South Carolina college scrutinized for 'biblical' stance on homosexuality

By Letitia Stein
A gay rights activist holds a rainbow flag while marching in downtown Belgrade September 27, 2013. Serbia's government banned a weekend gay pride march for the third consecutive year on Friday, citing the threat of violence from right-wing hooligans, in a move that sparked protests by gay activists and criticism from the European Union. Around 200 gay activists waving rainbow flags and banners that read "This is Pride" gathered outside Prime Minister Ivica Dacic's government office before walking to parliament flanked by riot police. REUTERS/Marko Djurica (SERBIA - Tags: SOCIETY CIVIL UNREST POLITICS)

By Letitia Stein

(Reuters) - A small, Christian college in South Carolina said on Friday it had not banned gay students or homosexuality from its campus under its controversial new "Statement on Human Sexuality," which calls the practice sinful.

Erskine College has received scrutiny for its board of trustees' decision last week, characterized by some media outlets as a ban on homosexuality. It comes as many religious organizations seek to respond to the national debate over gay rights and same-sex marriage.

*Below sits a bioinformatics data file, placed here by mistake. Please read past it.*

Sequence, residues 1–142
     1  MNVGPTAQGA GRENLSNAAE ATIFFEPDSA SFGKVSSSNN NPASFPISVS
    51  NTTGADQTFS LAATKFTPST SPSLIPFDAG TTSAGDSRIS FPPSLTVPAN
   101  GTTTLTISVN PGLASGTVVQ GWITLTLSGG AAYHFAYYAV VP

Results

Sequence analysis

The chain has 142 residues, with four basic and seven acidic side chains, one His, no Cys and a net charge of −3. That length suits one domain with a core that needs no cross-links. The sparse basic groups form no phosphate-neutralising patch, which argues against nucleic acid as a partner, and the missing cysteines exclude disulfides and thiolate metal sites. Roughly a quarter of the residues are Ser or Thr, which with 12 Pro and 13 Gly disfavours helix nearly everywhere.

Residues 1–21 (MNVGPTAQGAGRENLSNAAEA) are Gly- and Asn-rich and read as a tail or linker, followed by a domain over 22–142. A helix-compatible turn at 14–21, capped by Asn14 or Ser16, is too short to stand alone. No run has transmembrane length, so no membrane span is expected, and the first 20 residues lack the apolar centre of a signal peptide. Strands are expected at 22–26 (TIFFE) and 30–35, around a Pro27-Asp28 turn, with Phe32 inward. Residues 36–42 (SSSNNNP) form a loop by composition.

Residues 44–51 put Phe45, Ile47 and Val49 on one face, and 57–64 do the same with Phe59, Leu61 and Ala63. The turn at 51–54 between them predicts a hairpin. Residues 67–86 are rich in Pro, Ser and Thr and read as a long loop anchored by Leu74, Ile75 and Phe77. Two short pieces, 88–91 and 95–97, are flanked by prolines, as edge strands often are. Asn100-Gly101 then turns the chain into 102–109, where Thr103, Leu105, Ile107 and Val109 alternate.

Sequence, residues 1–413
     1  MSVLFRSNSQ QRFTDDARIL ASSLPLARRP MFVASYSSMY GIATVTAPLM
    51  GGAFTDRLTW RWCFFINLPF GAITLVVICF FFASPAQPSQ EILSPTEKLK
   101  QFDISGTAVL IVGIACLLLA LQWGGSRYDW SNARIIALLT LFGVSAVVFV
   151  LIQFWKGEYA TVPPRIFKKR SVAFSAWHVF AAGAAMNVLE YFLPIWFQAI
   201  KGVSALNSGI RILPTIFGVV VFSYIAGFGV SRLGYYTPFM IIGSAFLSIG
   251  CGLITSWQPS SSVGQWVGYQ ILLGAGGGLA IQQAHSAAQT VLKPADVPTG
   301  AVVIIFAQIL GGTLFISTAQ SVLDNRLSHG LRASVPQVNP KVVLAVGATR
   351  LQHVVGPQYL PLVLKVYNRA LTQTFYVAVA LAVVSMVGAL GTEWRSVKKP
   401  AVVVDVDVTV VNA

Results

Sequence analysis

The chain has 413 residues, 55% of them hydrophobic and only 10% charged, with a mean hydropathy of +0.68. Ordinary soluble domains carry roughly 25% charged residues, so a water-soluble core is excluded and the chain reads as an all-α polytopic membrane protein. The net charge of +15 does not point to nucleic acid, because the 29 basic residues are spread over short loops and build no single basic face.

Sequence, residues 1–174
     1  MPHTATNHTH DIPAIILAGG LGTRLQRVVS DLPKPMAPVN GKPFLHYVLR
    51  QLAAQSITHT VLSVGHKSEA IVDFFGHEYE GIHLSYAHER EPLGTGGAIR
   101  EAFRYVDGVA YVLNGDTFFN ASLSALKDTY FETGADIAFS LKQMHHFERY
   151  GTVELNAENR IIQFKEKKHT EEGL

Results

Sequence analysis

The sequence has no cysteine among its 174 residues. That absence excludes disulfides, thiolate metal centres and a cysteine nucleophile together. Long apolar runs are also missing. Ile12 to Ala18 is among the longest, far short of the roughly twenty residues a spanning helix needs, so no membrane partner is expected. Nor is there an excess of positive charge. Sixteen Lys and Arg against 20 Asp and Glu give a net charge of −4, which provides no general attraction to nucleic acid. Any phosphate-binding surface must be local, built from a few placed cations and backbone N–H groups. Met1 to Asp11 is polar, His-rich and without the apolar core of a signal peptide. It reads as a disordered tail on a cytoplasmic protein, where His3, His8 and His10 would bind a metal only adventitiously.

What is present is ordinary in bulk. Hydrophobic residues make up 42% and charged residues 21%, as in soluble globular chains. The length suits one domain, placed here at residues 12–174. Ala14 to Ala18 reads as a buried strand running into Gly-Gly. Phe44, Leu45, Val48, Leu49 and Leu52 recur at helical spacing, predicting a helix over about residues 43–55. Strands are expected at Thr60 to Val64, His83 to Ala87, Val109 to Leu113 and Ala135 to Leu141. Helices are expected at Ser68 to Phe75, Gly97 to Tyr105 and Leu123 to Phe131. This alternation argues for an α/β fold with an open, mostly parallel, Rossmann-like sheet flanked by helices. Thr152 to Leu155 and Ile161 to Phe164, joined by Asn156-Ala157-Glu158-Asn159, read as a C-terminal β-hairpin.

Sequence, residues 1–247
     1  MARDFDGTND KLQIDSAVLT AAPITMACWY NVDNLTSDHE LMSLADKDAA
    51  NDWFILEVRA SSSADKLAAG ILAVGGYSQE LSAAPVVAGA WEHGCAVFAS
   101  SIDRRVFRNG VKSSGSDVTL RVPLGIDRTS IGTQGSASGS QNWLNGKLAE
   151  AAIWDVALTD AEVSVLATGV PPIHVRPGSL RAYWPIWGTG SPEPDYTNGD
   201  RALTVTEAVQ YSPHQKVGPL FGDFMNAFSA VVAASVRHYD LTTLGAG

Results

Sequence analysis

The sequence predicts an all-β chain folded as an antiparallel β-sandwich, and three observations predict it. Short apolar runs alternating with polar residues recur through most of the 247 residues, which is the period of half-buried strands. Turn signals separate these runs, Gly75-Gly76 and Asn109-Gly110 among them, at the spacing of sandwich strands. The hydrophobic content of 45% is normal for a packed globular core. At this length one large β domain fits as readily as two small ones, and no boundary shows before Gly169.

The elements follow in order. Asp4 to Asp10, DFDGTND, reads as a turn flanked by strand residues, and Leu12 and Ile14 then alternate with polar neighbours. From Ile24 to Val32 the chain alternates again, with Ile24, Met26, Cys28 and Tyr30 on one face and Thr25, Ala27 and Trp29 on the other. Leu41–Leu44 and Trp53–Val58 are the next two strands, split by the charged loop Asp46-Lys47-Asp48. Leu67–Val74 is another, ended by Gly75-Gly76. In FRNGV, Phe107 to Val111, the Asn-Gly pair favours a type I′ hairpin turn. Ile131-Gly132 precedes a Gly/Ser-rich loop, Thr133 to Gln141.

The college, affiliated with the Associate Reformed Presbyterian Church, held that sexual intimacy is only appropriate between a man and woman who are married.

"We believe the Bible teaches that all sexual activity outside the covenant of marriage is sinful," said the statement adopted by the college in Due West, South Carolina.

Two gay volleyball players at Erskine had been profiled last year on, which wrote a follow-up piece on the statement that was picked up by national media outlets.

The statement was not adopted in response to specific students and was not intended as a ban, said Erskine spokesman Cliff Smith.

"Because this is an issue of debate, both within and without religious communities, it gives us a point of reference to have a conversation," he said.

The attention prompted Erskine to post a clarification on its website Friday that said it does not discriminate.

"This statement describes a position. It does not prescribe a policy and does not ‘ban’ any individual or class of individuals from attending Erskine. No students have been asked to leave Erskine based on this statement," the college said.

Other Christian colleges have also adopted positions on homosexuality and sexuality, Smith said.

On the Erskine campus, the stance has raised concerns within a close-knit community of 575 undergraduates, Smith said.

"The release of this statement makes me disappointed because I have never received anything but kind treatment from everyone at this school, and my sexual orientation is no secret. So it took me by surprise," Juan Varona, one of the volleyball players profiled, wrote on the site Thursday.

(Reporting by Letitia Stein; Editing by Doina Chiacu)